Because Spain is too big for the EFSF/ESM to rescue, it ultimately will be up to the ECB to bring Spain's yields down to a financeable level. The immediate question is the size of the capital hole in the banking system. The longer that Rajoy waits to apply to the Troika for assistance, the greater the risk that Moody's could downgrade Spain to below investment grade, which would add to the pressure.
Ineligible for investment grade portfolios.
Benchmark bonds yielding 5.05%, trading at its rating level
Ireland is the Troika's shining example for compliance. Ireland has successfully executed its austerity program and is continuing the fiscal consolidation process.
With its full compliance, Ireland will be the first in line for bond purchases under the OMT, without having to request it. Hopefully the ECB will initiate this in order to reward Irelands’ efforts and to reinforce the credibility of ECB policy. The further normalization of yields by the ECB is vital, but the clock is ticking.
Rated Ba3/Negative Outlook
Ineligible for investment grade portfolios
Benchmark bonds yielding 8.02% which is its rating level
Portugal is in a negative austerity spiral, no debt market access, a severely depressed economy, and significant spending reduction is still required. It is nearing the bottom of the “J” curve and should succeed. The negative momentum is slowing, but a positive outcome will require a lot more work and is difficult to anticipate at this point.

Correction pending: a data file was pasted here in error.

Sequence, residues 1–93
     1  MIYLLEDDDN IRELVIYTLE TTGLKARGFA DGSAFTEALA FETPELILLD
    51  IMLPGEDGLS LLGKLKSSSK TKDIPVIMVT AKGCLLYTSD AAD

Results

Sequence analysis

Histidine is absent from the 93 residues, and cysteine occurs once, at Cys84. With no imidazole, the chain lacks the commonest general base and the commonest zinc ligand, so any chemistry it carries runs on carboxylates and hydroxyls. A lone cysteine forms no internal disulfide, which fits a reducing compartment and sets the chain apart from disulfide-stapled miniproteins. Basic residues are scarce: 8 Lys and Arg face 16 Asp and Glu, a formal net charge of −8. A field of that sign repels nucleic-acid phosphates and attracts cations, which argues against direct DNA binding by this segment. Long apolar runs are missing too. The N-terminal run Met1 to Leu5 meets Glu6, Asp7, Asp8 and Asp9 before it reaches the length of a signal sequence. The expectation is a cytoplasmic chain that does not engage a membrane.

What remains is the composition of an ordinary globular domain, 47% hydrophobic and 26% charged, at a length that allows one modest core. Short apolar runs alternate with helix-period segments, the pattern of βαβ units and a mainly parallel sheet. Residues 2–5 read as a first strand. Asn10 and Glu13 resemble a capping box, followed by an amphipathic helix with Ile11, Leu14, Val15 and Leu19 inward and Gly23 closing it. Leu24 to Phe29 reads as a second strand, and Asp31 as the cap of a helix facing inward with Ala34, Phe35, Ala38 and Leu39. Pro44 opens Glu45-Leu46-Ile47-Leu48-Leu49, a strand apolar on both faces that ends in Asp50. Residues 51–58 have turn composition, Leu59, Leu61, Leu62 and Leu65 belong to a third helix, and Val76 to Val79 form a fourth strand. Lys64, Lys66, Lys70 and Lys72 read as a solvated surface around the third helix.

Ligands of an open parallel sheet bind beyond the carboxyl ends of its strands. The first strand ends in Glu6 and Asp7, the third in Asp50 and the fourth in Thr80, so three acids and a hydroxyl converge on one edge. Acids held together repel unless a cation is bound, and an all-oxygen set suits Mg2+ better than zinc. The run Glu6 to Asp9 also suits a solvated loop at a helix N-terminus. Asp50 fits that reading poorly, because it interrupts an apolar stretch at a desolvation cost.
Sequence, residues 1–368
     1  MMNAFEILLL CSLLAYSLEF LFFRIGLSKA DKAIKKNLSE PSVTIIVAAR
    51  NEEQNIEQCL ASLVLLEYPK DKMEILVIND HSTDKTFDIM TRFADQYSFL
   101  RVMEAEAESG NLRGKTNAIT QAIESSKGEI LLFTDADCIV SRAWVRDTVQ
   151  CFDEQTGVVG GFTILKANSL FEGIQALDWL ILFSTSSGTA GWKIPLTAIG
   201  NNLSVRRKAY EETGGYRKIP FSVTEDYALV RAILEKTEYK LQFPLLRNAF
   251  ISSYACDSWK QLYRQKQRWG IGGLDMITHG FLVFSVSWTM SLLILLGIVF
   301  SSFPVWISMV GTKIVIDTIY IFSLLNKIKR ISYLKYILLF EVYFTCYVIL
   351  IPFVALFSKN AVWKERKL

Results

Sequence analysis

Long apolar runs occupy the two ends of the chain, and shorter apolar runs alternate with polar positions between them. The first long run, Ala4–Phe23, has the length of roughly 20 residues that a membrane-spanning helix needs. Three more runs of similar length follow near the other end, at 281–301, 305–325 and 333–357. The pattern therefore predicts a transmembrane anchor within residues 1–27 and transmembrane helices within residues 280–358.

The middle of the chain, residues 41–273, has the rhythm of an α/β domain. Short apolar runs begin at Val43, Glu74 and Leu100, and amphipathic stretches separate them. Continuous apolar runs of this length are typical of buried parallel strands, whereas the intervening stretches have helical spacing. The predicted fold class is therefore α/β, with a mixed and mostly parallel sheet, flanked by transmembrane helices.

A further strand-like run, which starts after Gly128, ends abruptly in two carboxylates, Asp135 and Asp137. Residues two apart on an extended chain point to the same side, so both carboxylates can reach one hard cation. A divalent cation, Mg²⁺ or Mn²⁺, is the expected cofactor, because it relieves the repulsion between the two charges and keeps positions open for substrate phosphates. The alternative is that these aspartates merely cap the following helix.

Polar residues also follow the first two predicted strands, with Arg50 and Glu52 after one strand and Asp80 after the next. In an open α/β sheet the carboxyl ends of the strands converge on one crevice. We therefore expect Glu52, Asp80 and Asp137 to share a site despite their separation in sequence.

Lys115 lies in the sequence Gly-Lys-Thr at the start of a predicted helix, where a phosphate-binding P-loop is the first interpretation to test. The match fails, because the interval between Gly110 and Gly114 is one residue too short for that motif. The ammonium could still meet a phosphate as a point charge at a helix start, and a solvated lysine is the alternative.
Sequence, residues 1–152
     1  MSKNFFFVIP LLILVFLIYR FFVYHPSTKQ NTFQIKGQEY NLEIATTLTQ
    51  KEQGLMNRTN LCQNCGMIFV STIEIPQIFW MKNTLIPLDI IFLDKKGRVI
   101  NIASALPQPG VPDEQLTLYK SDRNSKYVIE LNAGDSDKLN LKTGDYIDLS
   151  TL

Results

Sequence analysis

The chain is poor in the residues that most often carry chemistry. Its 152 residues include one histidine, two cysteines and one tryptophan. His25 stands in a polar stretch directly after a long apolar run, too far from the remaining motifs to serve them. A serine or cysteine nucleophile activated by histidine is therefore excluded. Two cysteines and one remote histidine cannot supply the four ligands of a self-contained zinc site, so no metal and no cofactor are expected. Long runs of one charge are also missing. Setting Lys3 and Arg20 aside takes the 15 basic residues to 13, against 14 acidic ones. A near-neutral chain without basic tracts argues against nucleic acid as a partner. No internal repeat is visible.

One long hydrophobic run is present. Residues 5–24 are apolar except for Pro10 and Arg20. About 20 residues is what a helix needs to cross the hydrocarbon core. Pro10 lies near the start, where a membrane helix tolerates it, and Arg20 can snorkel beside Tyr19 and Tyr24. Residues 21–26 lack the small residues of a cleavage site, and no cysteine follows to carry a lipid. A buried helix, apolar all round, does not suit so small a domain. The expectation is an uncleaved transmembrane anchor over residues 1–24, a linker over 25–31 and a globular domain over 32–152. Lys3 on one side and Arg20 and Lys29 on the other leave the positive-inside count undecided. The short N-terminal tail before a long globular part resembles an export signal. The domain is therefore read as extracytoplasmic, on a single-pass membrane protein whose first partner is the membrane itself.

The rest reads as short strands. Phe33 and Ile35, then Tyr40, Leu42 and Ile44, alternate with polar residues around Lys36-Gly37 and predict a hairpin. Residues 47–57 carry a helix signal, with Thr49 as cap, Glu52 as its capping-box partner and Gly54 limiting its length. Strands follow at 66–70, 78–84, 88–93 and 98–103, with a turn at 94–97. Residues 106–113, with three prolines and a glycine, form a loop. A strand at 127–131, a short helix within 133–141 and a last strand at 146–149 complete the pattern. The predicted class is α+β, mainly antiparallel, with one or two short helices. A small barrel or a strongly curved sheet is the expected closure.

Rated C, in default
The remaining bonds yield 20.25%, pricing in a potential second default
Greece is completely dependent on support from Europe and nowhere near to implementing the program which the Troika has demanded. Progress has been minimal and appears to be outweighed by civil unrest. Greece is the proof that there is almost nothing that they could do (or not do) that would get them kicked out of the euro zone. The ECB knows that a Greek exit would cause a global credit event and probably lead to the inevitable exits of the other four distressed members. Of course, Greece is also very aware of this and is probably planning to get its money by once again agreeing to a plan it has no intention of implementing. The obvious dilemma is that while sufficient reform does not appear to be possible at this time, allowing Greece to fail would be the beginning of the end for the euro zone as we know it.
So it appears that the current critical situations are:
- Greece, which will limp along as long as required despite few signs of meaningful reform.
- Spain will have to accept assistance at some point, but anticipate their continued attempts to politicize negotiations for better terms.
- Italy is the least obvious but largest problem with more potential to fail than to succeed currently and further deterioration of their credit cannot be ruled out.
The problems are of such a massive scale that the euro zone will have to undertake unprecedented bond buying, this will require the ECB to commit its resources to such an extent that the markets are convinced that the EMU will survive intact. This commitment is a political issue as the ECB is governed by its board, which is far from unanimous at this time. Additional funding could be provided directly or via the IMF by Asian governments with reserve surpluses, but they (like the rest of the world) are waiting for credible proposals to emerge. The stabilization of the euro zone is vital to the recovery of the global economy and — despite the seemingly insurmountable obstacles ahead —it appears that it will not be allowed to fail at this time.